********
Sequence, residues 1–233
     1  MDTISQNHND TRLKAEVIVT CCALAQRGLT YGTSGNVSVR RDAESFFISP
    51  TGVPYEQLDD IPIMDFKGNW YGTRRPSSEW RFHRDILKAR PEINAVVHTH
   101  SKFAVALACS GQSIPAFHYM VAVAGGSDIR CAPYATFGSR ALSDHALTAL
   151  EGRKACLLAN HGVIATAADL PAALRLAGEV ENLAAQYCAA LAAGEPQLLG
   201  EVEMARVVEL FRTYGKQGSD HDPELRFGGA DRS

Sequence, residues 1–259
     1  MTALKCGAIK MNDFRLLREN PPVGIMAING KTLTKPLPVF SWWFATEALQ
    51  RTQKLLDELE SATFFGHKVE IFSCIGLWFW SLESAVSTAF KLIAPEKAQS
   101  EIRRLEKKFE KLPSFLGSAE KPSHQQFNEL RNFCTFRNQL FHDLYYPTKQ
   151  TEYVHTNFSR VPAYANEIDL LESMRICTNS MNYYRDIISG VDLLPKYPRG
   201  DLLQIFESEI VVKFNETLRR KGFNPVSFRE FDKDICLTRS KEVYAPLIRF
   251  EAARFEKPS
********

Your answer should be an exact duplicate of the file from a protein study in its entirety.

Sequence, residues 1–233
     1  MDTISQNHND TRLKAEVIVT CCALAQRGLT YGTSGNVSVR RDAESFFISP
    51  TGVPYEQLDD IPIMDFKGNW YGTRRPSSEW RFHRDILKAR PEINAVVHTH
   101  SKFAVALACS GQSIPAFHYM VAVAGGSDIR CAPYATFGSR ALSDHALTAL
   151  EGRKACLLAN HGVIATAADL PAALRLAGEV ENLAAQYCAA LAAGEPQLLG
   201  EVEMARVVEL FRTYGKQGSD HDPELRFGGA DRS

Sequence, residues 1–259
     1  MTALKCGAIK MNDFRLLREN PPVGIMAING KTLTKPLPVF SWWFATEALQ
    51  RTQKLLDELE SATFFGHKVE IFSCIGLWFW SLESAVSTAF KLIAPEKAQS
   101  EIRRLEKKFE KLPSFLGSAE KPSHQQFNEL RNFCTFRNQL FHDLYYPTKQ
   151  TEYVHTNFSR VPAYANEIDL LESMRICTNS MNYYRDIISG VDLLPKYPRG
   201  DLLQIFESEI VVKFNETLRR KGFNPVSFRE FDKDICLTRS KEVYAPLIRF
   251  EAARFEKPS